My “benchmark” tests included BruceX for Final Cut Pro X, Puget Systems’ After Effects benchmark, and two of Simon Ubsdell’s Motion tutorial projects. For the “real world” tests, I used a travelogue series sizzle edit with 4K (and larger) media, various codecs, scaling, speed changes, and color correction. The timeline was exported to ProRes and H.264 using various NLEs. My final test sequence was a taxing 6K FCPX timeline composed of nine layers of 6K RED raw files.

Until the release of the new Mac Pro tower, the iMac Pro had been Apple’s most powerful desktop computer. Yet, in nearly all of these tests, the 16″ MacBook Pro equaled or slightly bettered the times of the iMac Pro. The laptop had faster export times and a higher Puget score with After Effects. One exception was my nine-layer 6K RED project, where the iMac Pro shined – exporting twice as fast as the MacBook Pro. Both Macs played back and scrubbed through this variety of files with ease, regardless of application or internal versus external drive. Overall, the biggest difference I noticed was that exports on the iMac Pro stayed quiet throughout, while the MacBook Pro frequently had to rev up the fans.

Apple claims up to 11 hours of battery life, but that’s really just during light duty computing: checking e-mails, writing, surfing the web, etc. And if you’ve optimized your energy settings for battery life. The MacBook Pro includes an integrated Intel GPU and employs automatic graphics cards switching. During tasks that don’t generate a heavy GPU load the machine is running on the integrated card. It switches to the AMD for apps like Final Cut or Premiere. I purposefully set up a looping 4K sequence in FCPX and found that the battery drained from 100% down to 10% in about two hours. While this is more stress than normal editing, it’s typical behavior for creative applications. The bottom line is that you shouldn’t expect to be editing for 11 hours straight running only on the internal battery.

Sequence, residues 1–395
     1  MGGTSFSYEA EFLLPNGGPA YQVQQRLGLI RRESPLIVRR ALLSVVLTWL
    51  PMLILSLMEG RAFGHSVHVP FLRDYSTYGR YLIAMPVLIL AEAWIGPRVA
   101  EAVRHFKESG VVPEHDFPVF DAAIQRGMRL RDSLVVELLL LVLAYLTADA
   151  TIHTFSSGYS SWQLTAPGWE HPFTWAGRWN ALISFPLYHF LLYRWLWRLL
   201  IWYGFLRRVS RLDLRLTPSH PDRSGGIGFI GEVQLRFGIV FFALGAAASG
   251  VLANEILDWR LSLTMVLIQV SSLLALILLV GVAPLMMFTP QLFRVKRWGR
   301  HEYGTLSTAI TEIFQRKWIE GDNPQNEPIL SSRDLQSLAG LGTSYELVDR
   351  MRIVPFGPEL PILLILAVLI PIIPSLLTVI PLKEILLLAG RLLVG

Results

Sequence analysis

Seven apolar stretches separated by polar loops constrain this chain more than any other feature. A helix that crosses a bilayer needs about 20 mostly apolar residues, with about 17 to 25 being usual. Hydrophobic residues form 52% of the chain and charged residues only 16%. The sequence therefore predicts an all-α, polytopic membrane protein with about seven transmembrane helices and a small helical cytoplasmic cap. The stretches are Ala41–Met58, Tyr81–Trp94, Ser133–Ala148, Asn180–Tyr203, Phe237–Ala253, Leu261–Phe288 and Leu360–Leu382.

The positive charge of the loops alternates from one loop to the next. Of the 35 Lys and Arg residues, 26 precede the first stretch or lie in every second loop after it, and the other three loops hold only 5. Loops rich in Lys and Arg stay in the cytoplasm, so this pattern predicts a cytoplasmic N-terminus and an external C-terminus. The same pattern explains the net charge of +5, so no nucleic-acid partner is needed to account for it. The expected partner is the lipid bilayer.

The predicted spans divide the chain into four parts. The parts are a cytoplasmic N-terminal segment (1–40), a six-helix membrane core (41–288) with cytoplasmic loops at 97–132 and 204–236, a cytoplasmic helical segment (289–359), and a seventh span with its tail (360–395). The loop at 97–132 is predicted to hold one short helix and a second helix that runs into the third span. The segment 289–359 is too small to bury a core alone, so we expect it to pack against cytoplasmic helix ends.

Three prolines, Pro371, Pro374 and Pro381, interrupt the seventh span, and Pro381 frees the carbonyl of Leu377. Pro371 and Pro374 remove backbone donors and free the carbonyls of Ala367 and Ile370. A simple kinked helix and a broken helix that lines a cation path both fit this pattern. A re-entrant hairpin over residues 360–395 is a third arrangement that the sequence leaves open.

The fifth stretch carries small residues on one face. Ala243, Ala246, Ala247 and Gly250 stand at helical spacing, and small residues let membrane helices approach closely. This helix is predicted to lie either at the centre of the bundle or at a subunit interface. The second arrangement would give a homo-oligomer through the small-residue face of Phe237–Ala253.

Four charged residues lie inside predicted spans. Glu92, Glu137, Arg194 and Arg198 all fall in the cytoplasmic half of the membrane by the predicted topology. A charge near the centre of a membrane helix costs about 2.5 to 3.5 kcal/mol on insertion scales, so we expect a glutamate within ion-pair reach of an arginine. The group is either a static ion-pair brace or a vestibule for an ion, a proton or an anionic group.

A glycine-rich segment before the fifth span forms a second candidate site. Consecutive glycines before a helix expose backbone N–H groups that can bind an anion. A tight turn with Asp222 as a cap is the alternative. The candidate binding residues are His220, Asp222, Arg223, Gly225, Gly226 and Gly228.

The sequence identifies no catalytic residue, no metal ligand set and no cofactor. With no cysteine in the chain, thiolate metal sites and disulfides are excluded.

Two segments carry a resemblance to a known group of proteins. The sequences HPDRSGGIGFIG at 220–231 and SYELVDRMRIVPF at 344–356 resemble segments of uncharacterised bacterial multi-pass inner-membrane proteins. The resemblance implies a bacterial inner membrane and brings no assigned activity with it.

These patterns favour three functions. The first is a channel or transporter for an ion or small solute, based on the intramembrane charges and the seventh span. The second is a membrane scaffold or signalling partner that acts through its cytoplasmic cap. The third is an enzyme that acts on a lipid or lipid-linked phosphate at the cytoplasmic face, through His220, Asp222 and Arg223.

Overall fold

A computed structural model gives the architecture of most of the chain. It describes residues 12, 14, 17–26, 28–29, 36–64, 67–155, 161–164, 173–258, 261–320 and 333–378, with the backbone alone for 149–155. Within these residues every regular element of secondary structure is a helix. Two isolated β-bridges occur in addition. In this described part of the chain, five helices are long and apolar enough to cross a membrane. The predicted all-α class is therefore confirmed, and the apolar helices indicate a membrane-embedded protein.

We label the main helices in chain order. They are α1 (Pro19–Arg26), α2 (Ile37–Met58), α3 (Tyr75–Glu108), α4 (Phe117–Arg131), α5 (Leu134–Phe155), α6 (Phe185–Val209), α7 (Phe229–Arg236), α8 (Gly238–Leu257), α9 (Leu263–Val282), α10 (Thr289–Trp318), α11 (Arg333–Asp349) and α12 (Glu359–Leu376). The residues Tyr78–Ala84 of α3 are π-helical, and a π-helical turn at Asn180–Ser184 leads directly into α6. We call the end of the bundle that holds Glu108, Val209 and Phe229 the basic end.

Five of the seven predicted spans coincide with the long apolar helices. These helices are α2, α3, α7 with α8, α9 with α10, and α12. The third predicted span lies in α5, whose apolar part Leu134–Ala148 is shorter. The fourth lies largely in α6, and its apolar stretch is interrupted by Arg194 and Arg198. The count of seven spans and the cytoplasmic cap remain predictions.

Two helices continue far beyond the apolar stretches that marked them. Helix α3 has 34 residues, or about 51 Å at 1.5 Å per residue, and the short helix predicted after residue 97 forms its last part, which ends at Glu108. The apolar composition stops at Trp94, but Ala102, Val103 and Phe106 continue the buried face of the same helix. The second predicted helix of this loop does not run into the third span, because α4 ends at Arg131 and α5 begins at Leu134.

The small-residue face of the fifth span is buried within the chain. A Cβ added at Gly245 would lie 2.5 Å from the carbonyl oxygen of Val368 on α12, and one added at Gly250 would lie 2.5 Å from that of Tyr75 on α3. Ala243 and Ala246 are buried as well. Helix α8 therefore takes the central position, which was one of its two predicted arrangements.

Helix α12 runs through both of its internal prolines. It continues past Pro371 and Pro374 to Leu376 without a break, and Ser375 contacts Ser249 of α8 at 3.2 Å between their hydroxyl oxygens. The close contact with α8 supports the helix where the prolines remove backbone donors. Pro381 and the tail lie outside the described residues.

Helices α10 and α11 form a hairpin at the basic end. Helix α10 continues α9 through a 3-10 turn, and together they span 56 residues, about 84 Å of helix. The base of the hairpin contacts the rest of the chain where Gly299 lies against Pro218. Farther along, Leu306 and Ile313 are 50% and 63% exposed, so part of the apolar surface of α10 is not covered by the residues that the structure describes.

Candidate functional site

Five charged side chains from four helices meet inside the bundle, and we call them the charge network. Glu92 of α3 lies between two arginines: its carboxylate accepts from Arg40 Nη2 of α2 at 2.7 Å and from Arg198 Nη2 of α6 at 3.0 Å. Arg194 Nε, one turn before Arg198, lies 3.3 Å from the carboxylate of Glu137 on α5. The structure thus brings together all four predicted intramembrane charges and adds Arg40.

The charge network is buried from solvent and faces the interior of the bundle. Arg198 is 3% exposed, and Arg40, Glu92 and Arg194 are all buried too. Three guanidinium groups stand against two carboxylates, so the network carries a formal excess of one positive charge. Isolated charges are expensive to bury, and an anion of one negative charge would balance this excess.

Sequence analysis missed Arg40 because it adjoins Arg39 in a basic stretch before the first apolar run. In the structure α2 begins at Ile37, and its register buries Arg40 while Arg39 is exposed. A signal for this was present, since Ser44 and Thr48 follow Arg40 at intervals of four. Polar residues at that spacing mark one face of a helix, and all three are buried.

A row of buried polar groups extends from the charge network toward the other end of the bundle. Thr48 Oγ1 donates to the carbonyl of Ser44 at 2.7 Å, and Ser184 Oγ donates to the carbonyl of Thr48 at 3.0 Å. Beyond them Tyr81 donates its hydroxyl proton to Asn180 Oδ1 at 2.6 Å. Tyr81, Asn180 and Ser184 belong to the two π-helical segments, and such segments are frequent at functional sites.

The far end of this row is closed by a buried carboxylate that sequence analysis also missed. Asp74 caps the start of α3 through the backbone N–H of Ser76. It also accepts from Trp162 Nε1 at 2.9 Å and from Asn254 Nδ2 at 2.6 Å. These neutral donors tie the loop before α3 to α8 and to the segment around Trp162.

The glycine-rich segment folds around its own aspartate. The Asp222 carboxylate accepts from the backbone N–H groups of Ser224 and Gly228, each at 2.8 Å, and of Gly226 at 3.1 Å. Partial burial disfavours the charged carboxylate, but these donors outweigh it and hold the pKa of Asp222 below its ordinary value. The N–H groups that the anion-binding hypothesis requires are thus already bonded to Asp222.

Final thoughts

This machine comes with macOS Catalina pre-installed. Don’t plan on downgrading that. Catalina is the first version of macOS that is purely 64-bit and with significant under-the-hood security changes. All 32-bit dependencies have been dropped, which means that some software and hardware products might not be fully compatible. So, check first. I would recommend a clean install of apps and plug-ins rather than migrating from another machine’s drive. I did a clean installation of apps through my Apple and Adobe CC IDs and was ready to go in half a day. Conversely I’ve heard stories from others who pulled their hair out for a week trying to migrate between machines and OS versions. There are ways to do this and most of the time they work, but why not just start out fresh when you get a new machine?

Apple’s ProApps, Adobe Creative Cloud software, and DaVinci Resolve are all ready to go. Media Composer editors have a slight wait. Avid is beta testing a Catalina-compatible version of Media Composer (at the time of this writing). Some functionality won’t be there at the start, but updates will quickly add in many of those missing features.

Mac owners who bought a recent 15″ MacBook Pro will see a definite boost, but probably not enough to refresh their systems yet. But if, like me, you are running a five-year-old model, then this unit becomes very tempting, especially when working with anything more taxing than ProRes 1080p files. For work on-the-go, like on-site editing, DIT tasks, photo processing, or other creative tasks, the 2019 MacBook Pro easily fits the bill. Many editors may also need a machine that can easily shift from the field to the office/home/studio in place of an iMac or iMac Pro. If that’s you, then the MacBook Pro has the horsepower. Plug it up to a Thunderbolt dock, an external display, or other peripherals, and you are ready to go – no desktop computer needed.